No recession in modern times has left so many people out of work for so long as the one that continues to plague us. Among the nearly 14 million Americans officially counted as unemployed by the Bureau of Labor Statistics, almost one-third have been out of work for a year or more. That number doesn't even count everyone, says Lauren Appelbaum, research director for the UCLA Institute for Research on Labor and Employment. About a million and a half people would take a job if they could find one, but instead have gone back to school, or are caring for ailing relatives, or are doing something else while waiting for the job market to improve. Then there are more than 800,000 who are so discouraged that they have given up looking and are burning through their savings, bunking with relatives, or scraping by in what economists call the "informal economy." Appelbaum says even if the economy picks up, returning all these people to the workforce will be a monumental task. "The first people to be hired are going to be those who have not been out that long," she told me.
Meanwhile, researchers are charting the financial, psychological, and physical effects of long-term unemployment, and not surprisingly the news is bad. In testimony before Congress, Till von Wachter, associate professor of economics at Columbia, presented a grim picture of long-term unemployment damaging health and even shortening lives. And when people finally return to the workplace, he noted, their earning power can be reduced by as much as 20 percent for the next two decades. The scourge afflicts an entire family, too: Long-term unemployment can echo through the next generation, resulting in lower educational attainment and earnings by the children of the unemployed. For that matter, it can mean there are fewer members of the next generation. Appelbaum says some research shows that bad economic prospects can mean people delay starting families, or have fewer children.
OK, the recession is depressing. But here at DoubleX, we're looking for good news. We want your stories of finding work after being unemployed for a year or more. We want to hear how you—young, middle-aged, or old—beat the odds, threw off the stigma, and got back into the workforce. This includes not only those of you who were unemployed because you had lost a job, but recent graduates who finally found that first job, and stay-at-home mothers who became breadwinners. Did you get new training that resulted in a job? Did you fashion yourself as a "consultant" so that you didn't have to explain an eyebrow-raising gap in your employment record? Did you become a volunteer and make yourself so valuable they started paying you? Did you use social networking to connect yourself to people who knew of a job opening? Did you pack everything in your car and drive someplace with better job opportunities?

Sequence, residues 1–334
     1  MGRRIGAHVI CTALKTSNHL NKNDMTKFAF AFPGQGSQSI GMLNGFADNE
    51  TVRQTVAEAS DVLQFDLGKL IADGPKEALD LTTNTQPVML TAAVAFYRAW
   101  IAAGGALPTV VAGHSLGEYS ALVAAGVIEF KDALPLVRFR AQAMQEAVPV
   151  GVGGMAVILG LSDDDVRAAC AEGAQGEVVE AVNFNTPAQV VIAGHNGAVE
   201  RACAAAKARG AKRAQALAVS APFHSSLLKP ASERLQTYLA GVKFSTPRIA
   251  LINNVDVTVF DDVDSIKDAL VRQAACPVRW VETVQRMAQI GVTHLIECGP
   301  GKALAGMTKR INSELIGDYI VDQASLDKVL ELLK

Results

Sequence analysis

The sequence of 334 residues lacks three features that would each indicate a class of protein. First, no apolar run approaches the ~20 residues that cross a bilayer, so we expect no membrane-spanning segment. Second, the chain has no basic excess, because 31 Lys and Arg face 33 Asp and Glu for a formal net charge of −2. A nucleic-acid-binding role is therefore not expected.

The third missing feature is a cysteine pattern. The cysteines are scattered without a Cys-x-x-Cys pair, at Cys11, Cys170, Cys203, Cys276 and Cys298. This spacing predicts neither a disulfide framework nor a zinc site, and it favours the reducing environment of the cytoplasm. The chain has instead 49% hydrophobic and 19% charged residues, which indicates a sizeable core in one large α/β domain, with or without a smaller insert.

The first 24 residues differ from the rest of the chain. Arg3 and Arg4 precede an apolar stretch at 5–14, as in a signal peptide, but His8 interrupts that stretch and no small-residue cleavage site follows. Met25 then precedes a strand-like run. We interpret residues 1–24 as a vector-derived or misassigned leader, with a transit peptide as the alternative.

We want to hear your stories because there's not much good advice to give people when job seekers outnumber jobs. For example, this article from U.S. News emphasizes the importance of staying positive, despite the natural inclination to sink into the slough of despond. But a recent Brookings Institution study on job searches during this time of mass unemployment found that the longer people are out of work, the sadder looking for work makes them. Searching for a job becomes so "emotionally onerous" that the time spent looking decreases the longer people are unemployed.
It's also a commonplace that the unemployed, beset with financial and emotional troubles, tend to let their crucial social contacts dry up. As the authors of the Brookings study, Alan B. Krueger of Princeton and Andreas Mueller of Stockholm University, discovered, "Almost two-thirds of job search time is spent looking at ads, placing or answering ads and sending out applications. Contacting friends and relatives, which has been found to be a highly effective job search method in past studies accounts for 9 percent of search time."
Besides being subjected to economic forces beyond their control, the longer people are unemployed, the greater the stigma they must fight to get back into the workplace. Employers believe that being out of a job for a long time leaves a worker with eroded skills, although as Appelbaum says, "Skills don't deteriorate that quickly." They also start to wonder if the unemployment isn't in some part the unemployed person's fault. A study by researchers at UCLA and the State University of New York–Stony Brook titled "The Stigma of Unemployment: When Joblessness Leads to Being Jobless" found that when people were given identical résumés and told that they were from a person who was either employed or unemployed, they tended to rate the unemployed person as a less competent and desirable potential employee. The effect was softened if the unemployment seemed beyond the workers' control—as when an employer went out of business, for example.
The Brookings researchers worry that with so many Americans out of work for so long, the emotional toll of unemployment will keep many people from looking aggressively even if the economy starts to significantly improve, a result that would have damaging effects on the recovery. As they write, "Interventions that keep the long-term unemployed engaged in job search despite the high psychological cost may be particularly valuable in the current environment, with the average duration of unemployment at a record high level."
So this is our intervention. Re-employed people, tell us how you did it. What combination of strategy, persistence, and luck paid off? What advice do you have for those who are still sending out résumés and praying?
Please send your stories to firstname.lastname@example.org. We will use your name unless you specify otherwise. Thank you.
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